Qian Liqun, Jujue yiwang: “1957 nian xue” yanjiu biji (Refusal to forget: Notes for “1957 studies”)

Qian Liqun, Jujue yiwang: “1957 nian xue” yanjiu biji (Refusal to forget: Notes for “1957 studies”), Hong Kong, Oxford University Press, 2007, 502 pp.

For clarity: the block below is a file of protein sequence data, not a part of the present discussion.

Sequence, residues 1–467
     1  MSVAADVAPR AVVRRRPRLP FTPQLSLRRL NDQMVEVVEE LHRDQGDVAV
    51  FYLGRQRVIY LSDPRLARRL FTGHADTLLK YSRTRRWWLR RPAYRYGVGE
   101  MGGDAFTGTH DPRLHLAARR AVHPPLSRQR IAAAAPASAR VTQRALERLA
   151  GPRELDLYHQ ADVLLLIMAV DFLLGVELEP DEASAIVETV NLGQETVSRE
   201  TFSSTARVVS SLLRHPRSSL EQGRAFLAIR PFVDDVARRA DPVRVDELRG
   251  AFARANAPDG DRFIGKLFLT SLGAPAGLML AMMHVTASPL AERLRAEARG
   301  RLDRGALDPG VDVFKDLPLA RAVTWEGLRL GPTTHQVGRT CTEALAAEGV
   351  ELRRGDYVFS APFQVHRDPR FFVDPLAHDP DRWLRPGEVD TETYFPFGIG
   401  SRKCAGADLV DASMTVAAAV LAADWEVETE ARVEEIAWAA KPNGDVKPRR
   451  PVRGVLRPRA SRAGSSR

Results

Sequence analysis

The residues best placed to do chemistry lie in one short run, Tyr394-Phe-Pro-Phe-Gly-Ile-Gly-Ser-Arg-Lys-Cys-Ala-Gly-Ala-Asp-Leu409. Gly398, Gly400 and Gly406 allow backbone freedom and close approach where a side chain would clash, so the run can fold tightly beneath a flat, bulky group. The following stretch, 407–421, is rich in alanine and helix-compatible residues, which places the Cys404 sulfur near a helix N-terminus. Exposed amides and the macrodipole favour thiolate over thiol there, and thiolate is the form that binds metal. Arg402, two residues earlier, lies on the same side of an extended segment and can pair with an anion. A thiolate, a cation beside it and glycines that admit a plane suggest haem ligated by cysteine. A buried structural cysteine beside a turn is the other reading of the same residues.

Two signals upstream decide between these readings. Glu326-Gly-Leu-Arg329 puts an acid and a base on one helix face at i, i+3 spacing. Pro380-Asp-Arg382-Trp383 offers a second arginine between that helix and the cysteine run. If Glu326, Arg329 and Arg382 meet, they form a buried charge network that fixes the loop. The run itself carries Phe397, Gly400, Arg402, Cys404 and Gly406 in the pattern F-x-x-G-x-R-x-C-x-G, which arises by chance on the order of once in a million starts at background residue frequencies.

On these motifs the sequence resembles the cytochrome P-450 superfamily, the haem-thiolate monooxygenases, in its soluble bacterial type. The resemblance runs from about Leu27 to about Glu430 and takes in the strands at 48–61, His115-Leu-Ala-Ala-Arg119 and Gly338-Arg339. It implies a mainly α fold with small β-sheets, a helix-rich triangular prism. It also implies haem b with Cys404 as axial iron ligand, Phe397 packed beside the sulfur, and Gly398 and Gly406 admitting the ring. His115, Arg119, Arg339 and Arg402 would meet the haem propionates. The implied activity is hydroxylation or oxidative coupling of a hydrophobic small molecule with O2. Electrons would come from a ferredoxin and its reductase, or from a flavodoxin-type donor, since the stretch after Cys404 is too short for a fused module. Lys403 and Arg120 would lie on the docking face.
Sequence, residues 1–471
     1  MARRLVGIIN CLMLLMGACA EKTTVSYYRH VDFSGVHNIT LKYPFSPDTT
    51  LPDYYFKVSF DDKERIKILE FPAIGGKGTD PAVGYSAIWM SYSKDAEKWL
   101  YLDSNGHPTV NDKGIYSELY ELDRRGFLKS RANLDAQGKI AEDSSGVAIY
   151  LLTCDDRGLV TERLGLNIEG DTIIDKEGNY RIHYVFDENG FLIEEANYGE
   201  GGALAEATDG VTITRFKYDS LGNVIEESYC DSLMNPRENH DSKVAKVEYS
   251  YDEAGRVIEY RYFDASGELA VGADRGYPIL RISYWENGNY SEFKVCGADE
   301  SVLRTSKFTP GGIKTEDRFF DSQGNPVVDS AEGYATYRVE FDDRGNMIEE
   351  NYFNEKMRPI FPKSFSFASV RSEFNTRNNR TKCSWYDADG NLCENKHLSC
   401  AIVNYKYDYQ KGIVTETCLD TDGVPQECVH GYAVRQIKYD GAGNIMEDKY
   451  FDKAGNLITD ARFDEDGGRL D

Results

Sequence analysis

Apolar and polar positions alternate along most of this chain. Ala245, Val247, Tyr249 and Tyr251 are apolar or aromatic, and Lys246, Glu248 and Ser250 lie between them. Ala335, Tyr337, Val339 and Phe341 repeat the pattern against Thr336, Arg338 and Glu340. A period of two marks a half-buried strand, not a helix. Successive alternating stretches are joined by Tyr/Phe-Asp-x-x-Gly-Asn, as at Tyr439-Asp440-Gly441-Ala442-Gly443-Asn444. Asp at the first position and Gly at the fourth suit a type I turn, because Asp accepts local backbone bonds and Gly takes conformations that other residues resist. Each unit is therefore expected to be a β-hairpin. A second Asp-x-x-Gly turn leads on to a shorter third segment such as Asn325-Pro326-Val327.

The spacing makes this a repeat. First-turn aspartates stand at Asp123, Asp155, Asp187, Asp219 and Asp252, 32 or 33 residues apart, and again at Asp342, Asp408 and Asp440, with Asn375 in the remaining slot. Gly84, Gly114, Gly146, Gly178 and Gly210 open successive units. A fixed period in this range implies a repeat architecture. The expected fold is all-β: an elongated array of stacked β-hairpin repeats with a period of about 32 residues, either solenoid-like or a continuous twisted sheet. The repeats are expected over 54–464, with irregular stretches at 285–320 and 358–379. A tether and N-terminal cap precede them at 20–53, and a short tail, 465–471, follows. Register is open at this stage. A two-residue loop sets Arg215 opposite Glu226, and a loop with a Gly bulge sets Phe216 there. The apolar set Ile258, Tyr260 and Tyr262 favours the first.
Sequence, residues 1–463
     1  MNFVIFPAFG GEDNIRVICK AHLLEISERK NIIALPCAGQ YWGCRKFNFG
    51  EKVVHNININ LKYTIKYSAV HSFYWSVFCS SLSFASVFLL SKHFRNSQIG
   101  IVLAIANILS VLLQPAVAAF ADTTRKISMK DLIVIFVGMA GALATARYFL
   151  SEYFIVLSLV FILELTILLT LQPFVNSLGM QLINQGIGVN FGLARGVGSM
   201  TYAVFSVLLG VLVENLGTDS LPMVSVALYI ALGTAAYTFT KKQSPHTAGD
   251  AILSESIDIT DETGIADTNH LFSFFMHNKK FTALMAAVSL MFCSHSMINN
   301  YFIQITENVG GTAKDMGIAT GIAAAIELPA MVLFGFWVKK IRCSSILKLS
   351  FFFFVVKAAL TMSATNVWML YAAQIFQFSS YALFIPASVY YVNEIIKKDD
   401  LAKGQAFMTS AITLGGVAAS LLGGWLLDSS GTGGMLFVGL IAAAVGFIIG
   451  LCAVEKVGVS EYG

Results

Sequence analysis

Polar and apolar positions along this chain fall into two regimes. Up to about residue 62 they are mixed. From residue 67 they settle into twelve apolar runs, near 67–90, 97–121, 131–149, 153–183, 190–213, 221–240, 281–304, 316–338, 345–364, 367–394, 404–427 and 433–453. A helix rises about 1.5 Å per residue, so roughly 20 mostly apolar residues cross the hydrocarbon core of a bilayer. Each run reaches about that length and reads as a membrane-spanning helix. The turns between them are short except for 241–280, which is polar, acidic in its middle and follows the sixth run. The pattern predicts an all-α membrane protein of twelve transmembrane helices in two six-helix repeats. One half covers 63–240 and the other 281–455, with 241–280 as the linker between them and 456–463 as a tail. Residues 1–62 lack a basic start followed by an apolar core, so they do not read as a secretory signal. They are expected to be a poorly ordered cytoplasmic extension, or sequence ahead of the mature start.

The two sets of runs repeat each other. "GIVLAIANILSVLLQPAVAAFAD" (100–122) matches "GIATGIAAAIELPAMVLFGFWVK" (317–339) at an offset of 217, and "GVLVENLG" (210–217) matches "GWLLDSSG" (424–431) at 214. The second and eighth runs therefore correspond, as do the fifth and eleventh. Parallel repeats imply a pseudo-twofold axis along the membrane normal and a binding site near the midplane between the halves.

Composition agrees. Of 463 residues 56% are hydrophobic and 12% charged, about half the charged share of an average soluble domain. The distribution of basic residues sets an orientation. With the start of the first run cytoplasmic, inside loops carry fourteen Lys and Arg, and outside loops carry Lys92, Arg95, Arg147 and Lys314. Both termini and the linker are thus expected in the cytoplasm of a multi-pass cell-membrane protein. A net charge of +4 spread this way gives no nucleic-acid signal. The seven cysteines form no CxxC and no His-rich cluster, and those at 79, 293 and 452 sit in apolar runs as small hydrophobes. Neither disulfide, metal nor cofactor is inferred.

Earlier in 2009, the Chinese Encyclopaedia Press (Zhongguo dabaike quanshu chubanshe) published a collection of essays by Qian Liqun entitled Refusal to forget, the reissue of a 1999 work devoted to Lu Xun and diverse intellectual debates. The subject of the present review bears the same title, but deals with a forbidden issue on which the Chinese authorities remain silent and have refused to amend their verdict. For political, historical, and social reasons, the 1957 Anti-Rightist Movement constitutes a memory hole in the history of the People’s Republic of China. The regime’s legitimacy depends on the contention that such a coercive campaign was necessary, despite jurisdictional incoherencies and reparation demands. In fact all but 98 of the campaign’s 550,000 victims have been rehabilitated, although without any compensation; it remains a matter of “rectification” (gaizheng) rather than of “rehabilitation” (pingfan). This political decision is compounded by an unfavourable historical context. The tragic event was never followed by the ideological relaxation that characterised the immediate aftermath of the Cultural Revolution, which was labelled a “catastrophe” through some sort of consensus: the “post-Anti-Rightist Campaign” period, on the other hand did not take place, or disappeared within the “post-Cultural Revolution” era. Finally, the regime’s long-held dichotomy between the intelligentsia and the working class did not encourage empathy for a trauma regarded as having affected only intellectuals. Therefore, the construction of a collective memory is more difficult than in the case of the Cultural Revolution. However, that task is increasingly imperative as survivors are growing old and dying off.Qian’s work stems from a noble sentiment that implies an act of commitment. The Peking University emeritus professor was a direct witness to the events: he was a second-year student of journalism in that institution when he was branded a “moderate rightist” (zhongyou). He spent the first four years of his retirement on a large-scale investigation of the campaign, the book under review being one of its first fruits. Although the university had been the venue for heated debates and then merciless repression, he met with a void in its official history, as he noted during the institution’s centenary celebrations in 1998. Qian carried out inquiries that led to a wealth of material: private correspondence, published or unpublished manuscripts, and stencilled texts that escaped destruction only because they served as incriminating evidence. He has organised his reflections on these documents – which he hopes will compensate for still inaccessible archives – around four major themes.